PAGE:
Also, after 8 years without a single leak, both the ice maker in the fridge AND the DW sprung serious leaks (almost at the same time!), so badly they damaged some sheetrock in the basement. Again, despite having been soaked for days, the tile looks the same as it always did. But...what if it had been wood?

BTW, for this (and other) reasons we are NOT buying a fridge with an ice maker for the new place. But you can't get away from having a DW (although we ARE buying a Miele).

    Bookmark   August 24, 2014 at 8:50AM
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Sophie Wheeler

Water alarms with auto shut off valves is what anyone with wood floors needs for their water/appliance connectors. The alarm lets you know there is an issue, and the auto shut off cnnectors limit the damage.

    Bookmark   August 24, 2014 at 9:25AM
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We have had hardwood in our kitchen for almost 2 years. We were planning on heated tile but were convinced by GW to go with the wood and are very happy we did.

We had a dog that would make a mess with water. Have a cat who throws up on it. People drop ice cubes and leave them to melt. All kinds of liquid gets splattered and left to dry. I clean the floor with a steam mop. Wet towels get left on the floor. With all that there is no water damage. The floor is easier to stand on and warmer than if it had been tile.

When remodeling one of the bldg inspectors veto'd DH request to put a floor drain in a bathroom to prevent damage if there was an overflow. He reminded us that these things don't happen very often and that is what insurance is for. Get an alarm if you are concerned.

    Bookmark   August 24, 2014 at 10:39AM
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I have wooden floors in much of my home, including a wooden floor in my bathroom (around a free standing tub). I have wooden counters in my kitchen, including on either side of my sink (with integrated runnels).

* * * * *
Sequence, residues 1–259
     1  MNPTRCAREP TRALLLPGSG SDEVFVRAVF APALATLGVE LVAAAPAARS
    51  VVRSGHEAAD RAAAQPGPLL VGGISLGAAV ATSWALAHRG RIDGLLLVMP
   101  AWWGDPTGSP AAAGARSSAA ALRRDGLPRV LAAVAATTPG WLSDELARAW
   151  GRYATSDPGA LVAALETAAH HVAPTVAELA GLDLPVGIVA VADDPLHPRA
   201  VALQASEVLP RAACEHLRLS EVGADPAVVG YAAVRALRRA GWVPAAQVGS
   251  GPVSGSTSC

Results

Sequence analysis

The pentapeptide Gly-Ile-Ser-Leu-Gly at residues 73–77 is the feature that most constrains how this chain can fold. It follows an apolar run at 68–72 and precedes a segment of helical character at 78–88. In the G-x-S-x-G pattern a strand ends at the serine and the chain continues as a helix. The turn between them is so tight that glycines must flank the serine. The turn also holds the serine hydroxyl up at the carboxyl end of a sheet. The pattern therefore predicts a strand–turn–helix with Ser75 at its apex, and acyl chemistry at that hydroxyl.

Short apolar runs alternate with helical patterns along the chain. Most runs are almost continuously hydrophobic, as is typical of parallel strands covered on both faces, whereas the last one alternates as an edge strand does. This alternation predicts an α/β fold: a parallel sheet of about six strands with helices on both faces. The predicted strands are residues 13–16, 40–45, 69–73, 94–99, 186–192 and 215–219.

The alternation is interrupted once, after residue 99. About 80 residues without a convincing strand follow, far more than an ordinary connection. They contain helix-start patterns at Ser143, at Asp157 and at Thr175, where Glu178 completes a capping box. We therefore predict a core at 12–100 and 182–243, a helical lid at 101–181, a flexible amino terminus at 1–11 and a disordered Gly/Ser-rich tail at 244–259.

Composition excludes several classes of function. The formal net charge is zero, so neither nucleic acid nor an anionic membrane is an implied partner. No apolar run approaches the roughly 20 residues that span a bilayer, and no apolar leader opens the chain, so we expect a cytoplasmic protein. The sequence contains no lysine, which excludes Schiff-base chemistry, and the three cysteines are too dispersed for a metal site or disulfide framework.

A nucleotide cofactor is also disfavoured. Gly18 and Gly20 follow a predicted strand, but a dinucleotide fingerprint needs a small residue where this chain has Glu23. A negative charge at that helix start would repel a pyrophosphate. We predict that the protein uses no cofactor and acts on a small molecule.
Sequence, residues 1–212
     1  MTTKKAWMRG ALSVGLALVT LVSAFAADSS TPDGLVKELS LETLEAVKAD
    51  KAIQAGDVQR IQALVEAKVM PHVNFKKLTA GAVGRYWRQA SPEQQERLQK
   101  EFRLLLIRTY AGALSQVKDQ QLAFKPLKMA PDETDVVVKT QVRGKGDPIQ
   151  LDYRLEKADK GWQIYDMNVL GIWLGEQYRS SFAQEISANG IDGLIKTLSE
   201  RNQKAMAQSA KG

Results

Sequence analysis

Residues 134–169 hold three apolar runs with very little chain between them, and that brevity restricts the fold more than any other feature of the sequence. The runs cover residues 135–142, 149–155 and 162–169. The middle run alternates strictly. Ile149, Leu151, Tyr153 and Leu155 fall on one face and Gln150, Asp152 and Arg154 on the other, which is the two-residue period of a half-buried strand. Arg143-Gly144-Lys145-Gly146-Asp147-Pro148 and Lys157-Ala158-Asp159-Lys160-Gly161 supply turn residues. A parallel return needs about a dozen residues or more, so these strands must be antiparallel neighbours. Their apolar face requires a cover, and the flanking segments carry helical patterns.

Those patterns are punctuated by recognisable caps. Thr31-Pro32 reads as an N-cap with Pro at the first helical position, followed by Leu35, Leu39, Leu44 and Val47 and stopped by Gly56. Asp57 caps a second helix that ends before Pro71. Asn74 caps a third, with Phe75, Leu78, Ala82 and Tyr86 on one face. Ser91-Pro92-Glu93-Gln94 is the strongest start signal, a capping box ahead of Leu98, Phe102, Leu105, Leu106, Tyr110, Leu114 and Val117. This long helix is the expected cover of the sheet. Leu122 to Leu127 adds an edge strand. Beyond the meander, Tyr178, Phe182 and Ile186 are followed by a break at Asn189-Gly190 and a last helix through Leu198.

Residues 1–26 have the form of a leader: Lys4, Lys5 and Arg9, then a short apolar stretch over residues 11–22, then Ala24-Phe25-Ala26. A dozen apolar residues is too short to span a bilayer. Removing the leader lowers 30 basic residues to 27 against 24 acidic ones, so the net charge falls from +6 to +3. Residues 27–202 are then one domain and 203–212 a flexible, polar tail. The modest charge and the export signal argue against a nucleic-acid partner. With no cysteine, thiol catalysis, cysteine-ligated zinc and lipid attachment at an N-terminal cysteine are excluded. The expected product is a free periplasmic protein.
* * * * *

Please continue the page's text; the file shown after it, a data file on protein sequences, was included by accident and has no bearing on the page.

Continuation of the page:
Few things are 100% impervious. But IMHO people fear wood too much.

    Bookmark   August 24, 2014 at 11:10AM
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Since you are building new, see if you can find a tile that coordinates well with the hardwood floor and flow well. I really liked the tile next to the hardwood in the last house we owned and I was tempted to remove the the hardwood in the kitchen of the house we bought last year.
It would have been very expensive and I couldn't see a natural dividing line between the tile and hardwood so we just had the hardwood refinished (Brazilian cherry). I like the look, but I don't like the upkeep. I never worried about the tile and I did not mind standing on the tile at all. We lived in a cold climate and I wore slippers.
I am always checking the wood floor for water spots, dirt, etc. I clean the wood floor a lot more.
The plus is that this floor is much cleaner than the tile floor was:)

    Bookmark   August 24, 2014 at 11:49AM
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Cindy Noll

Have had hickory flooring in my entire house including kitchen for 2 years & we love it. I did get a waterproof large waterhog mat for the dog bowl, but it has been great. My 8 month old puppy spews water everywhere sometimes after a walk, but I either mop it up or wipe it up & it's fine. I am not doing this constantly either. I am not real big on upkeep, but my floor has been wonderful. Don't have an ice maker, but luckily my DW is at the end of the run for the wood & we have a spare box of wood in case of a future leak that is not caught in time.

    Bookmark   August 24, 2014 at 12:38PM